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Which is probably why there are some Democrats who are eager to find someone else, anybody else, to nominate for the 2016 election cycle.
IT SEEMS SIMILAR to 2008, when the then-former first lady and senator from New York tried running for president by creating the sense of inevitability. She was going to happen. Resisting was a waste of time.
Except that we got the whole Barack Obama phenomenon and a long, drawn-out primary that resulted in Hillary having to settle for Secretary of State (which actually was the best move in that it gave her a legitimate legacy of her own).
This time, Clinton is once again pushing that sense of inevitability – to the point where people are pushing the theme of the general election being between Clinton and whichever of the 15-or-so nitwits running on the Republican side manages to get that nomination.
But then we’re getting Bernie Sanders, the senator from Vermont who has put himself into the mix for the Democratic Party nomination – even though he’s technically NOT a Democrat.
SANDERS, FOR THOSE who haven’t paid much attention, is the guy who actually ran initially as a socialist. Although he now goes out of his way to declare himself to be a political independent – even though he usually falls into the Democratic caucus for practicality’s sake.
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I’m sure there are those people who are now thinking to themselves, “There’s no way this country elects a socialist as president.”
Then again, I’m sure they were arguing seven years ago that, “There’s no way this country elects a black man as president.” Besides, there are those people who like to use the “independent” label politically that they may give Bernie a second glance.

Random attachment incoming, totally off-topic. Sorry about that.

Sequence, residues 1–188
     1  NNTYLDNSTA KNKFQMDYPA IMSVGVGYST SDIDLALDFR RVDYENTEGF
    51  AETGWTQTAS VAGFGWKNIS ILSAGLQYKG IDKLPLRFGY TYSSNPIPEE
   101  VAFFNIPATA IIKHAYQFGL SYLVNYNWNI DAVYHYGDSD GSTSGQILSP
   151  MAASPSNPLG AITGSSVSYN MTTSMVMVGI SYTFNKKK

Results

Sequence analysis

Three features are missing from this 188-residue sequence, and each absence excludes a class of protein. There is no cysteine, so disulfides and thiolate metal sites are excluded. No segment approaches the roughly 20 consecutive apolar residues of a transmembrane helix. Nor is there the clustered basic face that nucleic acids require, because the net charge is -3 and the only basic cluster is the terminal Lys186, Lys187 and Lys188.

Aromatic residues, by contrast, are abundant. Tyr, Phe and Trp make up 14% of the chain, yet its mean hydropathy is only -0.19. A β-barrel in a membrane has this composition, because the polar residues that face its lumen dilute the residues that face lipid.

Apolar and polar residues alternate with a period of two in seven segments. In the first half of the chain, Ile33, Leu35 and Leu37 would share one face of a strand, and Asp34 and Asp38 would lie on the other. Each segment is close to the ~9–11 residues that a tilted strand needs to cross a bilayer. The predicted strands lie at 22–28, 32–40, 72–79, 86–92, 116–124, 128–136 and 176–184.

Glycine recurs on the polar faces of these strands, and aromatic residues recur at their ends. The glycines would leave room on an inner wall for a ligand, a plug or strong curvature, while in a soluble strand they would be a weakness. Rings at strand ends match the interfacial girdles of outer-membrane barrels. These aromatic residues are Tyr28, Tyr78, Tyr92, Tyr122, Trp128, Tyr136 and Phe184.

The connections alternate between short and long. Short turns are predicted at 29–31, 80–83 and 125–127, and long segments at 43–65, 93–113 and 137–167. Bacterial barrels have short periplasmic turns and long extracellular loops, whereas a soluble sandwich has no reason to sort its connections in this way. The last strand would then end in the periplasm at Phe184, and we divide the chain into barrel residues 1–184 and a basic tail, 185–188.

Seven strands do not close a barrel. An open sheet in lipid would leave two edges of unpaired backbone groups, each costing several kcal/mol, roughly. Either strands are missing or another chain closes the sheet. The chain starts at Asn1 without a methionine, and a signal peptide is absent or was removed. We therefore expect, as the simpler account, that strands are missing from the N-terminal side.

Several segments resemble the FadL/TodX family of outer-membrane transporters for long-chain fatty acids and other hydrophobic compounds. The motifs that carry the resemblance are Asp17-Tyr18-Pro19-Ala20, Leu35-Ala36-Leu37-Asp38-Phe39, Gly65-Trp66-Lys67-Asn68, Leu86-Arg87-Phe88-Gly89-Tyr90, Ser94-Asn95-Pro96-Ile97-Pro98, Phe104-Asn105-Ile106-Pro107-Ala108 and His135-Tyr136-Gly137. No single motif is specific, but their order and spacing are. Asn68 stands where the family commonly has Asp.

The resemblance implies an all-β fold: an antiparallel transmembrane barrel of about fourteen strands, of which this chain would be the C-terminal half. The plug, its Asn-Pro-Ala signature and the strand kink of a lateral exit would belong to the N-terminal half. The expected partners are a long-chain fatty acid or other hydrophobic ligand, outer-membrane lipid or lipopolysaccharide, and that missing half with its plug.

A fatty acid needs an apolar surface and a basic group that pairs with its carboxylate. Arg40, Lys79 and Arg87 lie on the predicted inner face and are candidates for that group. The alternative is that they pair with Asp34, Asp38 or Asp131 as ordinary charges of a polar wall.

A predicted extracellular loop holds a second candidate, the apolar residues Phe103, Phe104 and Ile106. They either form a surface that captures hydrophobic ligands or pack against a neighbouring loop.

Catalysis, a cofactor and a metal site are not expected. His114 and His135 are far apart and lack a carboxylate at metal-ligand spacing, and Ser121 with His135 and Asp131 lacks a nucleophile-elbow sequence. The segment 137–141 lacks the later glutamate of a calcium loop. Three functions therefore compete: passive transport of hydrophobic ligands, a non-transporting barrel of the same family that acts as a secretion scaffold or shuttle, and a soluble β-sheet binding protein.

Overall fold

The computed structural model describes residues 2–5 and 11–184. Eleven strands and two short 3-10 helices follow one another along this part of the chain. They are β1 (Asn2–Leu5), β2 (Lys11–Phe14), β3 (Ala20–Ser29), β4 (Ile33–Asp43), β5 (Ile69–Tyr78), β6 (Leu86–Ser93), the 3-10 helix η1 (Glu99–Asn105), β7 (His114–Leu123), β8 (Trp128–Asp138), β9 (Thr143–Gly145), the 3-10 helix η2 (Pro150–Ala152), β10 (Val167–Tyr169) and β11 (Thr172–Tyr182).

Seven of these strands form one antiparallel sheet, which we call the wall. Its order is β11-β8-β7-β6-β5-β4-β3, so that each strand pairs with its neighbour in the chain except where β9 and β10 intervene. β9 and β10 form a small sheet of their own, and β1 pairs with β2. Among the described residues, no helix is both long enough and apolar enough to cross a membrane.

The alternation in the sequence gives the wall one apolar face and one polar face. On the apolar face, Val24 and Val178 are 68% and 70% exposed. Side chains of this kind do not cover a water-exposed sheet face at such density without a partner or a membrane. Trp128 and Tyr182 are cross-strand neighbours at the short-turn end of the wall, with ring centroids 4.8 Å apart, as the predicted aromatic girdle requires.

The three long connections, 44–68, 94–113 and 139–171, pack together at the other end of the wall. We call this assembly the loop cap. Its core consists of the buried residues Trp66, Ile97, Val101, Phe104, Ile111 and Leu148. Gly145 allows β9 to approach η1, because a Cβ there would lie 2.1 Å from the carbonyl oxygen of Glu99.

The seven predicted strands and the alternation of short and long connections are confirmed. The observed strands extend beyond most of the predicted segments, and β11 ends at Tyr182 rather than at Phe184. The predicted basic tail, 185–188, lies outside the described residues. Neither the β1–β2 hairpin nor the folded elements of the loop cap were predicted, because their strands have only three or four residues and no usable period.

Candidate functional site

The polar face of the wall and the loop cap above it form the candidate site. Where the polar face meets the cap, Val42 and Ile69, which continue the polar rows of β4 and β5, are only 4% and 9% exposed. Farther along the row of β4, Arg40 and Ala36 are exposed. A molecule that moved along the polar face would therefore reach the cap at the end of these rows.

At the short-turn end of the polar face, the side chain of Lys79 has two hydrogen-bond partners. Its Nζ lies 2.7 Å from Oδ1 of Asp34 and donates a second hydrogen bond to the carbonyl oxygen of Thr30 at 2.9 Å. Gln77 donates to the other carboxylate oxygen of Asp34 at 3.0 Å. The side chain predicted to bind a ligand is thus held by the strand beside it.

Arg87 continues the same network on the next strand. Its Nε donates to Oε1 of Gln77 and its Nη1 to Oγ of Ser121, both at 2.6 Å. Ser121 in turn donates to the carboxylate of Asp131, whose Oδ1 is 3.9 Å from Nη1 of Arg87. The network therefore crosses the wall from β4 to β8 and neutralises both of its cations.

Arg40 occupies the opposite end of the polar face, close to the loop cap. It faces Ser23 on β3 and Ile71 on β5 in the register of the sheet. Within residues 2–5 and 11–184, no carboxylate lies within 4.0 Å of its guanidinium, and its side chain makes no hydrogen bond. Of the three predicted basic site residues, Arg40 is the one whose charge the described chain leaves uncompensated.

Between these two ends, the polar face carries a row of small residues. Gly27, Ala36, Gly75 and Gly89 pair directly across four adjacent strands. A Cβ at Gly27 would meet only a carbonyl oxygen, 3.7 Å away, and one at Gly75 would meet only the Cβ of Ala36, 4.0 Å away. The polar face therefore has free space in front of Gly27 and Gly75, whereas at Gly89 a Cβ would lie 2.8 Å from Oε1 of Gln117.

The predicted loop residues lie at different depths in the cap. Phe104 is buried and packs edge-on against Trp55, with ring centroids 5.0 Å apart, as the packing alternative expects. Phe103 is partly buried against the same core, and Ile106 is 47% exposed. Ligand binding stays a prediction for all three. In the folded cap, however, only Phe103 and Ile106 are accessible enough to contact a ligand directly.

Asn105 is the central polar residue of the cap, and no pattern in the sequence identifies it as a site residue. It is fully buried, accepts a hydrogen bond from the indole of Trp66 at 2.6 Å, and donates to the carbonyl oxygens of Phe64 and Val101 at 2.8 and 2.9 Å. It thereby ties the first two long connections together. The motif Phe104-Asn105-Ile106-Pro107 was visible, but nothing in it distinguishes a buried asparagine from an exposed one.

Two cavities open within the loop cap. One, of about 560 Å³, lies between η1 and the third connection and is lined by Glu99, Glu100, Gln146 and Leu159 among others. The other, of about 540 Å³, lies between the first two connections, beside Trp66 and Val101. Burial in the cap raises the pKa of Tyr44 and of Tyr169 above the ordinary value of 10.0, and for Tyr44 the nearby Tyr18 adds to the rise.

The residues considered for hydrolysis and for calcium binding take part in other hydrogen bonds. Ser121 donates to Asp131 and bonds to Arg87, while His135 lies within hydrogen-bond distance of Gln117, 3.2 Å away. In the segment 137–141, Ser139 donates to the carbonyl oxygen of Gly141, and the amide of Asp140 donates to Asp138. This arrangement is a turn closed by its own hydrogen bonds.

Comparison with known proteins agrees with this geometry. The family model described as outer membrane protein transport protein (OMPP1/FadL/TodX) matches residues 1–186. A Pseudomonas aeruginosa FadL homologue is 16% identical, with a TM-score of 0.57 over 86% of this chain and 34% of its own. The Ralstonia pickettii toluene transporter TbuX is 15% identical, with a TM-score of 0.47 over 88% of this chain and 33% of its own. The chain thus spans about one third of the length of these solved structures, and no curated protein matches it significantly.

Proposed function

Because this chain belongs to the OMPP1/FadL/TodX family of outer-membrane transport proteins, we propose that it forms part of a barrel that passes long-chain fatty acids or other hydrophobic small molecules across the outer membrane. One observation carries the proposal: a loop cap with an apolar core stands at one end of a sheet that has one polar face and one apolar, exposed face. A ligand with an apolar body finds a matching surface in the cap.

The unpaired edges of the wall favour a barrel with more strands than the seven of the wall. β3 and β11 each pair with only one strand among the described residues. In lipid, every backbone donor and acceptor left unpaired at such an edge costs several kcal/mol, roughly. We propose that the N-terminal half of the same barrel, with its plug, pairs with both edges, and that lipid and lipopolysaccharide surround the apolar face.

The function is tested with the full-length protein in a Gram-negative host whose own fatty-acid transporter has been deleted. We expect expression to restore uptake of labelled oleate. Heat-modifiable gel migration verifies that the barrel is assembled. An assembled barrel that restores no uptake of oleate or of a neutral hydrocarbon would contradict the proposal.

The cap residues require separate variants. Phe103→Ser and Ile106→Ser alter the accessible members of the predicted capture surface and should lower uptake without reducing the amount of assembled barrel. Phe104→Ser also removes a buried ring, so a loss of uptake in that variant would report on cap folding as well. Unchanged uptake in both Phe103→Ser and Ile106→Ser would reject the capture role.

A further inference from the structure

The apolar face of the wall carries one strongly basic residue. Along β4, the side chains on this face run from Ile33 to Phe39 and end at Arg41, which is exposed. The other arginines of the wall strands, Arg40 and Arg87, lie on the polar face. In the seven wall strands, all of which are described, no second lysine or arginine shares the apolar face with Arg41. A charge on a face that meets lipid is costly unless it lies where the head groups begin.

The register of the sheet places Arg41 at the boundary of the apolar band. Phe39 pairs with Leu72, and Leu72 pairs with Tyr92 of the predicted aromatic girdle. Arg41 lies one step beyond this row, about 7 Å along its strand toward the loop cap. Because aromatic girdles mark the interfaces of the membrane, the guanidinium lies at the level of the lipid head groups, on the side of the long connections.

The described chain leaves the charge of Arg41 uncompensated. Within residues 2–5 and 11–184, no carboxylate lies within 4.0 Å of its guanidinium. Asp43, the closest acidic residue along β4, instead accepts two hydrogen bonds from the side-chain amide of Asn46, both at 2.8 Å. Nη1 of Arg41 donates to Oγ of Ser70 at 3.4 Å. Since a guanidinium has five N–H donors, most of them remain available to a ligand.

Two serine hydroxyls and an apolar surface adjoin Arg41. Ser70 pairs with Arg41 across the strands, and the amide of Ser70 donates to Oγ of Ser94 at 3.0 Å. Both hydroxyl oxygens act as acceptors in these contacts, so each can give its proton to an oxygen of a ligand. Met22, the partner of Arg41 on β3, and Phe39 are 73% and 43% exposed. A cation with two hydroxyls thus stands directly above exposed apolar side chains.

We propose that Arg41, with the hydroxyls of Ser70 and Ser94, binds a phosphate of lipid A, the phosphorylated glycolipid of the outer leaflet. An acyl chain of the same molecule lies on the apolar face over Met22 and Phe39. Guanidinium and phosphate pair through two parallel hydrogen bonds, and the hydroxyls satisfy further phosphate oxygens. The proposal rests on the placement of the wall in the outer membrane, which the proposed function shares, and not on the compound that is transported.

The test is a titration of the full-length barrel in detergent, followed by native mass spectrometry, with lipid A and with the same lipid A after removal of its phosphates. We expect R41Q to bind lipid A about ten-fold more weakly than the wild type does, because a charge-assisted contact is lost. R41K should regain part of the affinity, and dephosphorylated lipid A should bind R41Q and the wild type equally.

The times (to quote Bob Dylan), they are a changin’. Just look at last week, where the people who rant about the merits of the Confederate battle flag got reduced publicly to the level of the crackpots that many of us always knew they were.
POLLS SHOW THAT Sanders may not totally get his butt whomped against Clinton. A poll by WMUR-TV in Manchester, N.H., had Clinton leading Sanders by 8 percentage points. Also, it had 45 percent of those surveyed saying Sanders “cares the most about people like you,” compared to 24 percent who thinks Hillary is more like them.
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Of course, you can argue that with Sanders being from New Hampshire’s neighboring state, he ought to be competitive against Hillary.
Similar to how back in 2008, the campaign started up with an Obama victory over Clinton in the Iowa caucus in large part because Iowans had heard of the senator from neighboring Illinois.
Perhaps he ought to be running neck and neck with Clinton. Then again, there is still eight months before people have to start actually casting ballots. Who knows who will change their minds between now and then? Voters can be so fickle!
SO WHAT SHOULD we think of Sanders – who on Wednesday will be the focus of a rally in Madison, Wis., where he’ll also be able to get on the nerves of Wisconsin Gov. Scott Walker – who on Tuesday put out his latest fundraising plea for his own presidential fantasies. Sanders won’t be alone.
There will be members of the Chicago Southland for Bernie Sanders on hand, people from those Far South Side neighborhoods and surrounding suburban communities who will deem it worthy of their time to get on a bus bound for Wisconsin.
They’re even talking about sending people to Iowa to do the legwork of campaigning for Sanders. Who does have a gap to fill – one national voter poll had 59 percent backing Clinton to 15 percent for Sanders.
Then again, I recall back in ’07 when Obama’s name recognition nationally was nil (“Wasn’t he the guy who gave a speech at the Democratic Convention?,” was probably the way most people thought of him). That’s probably the same fantasy the Sanders backers are having now.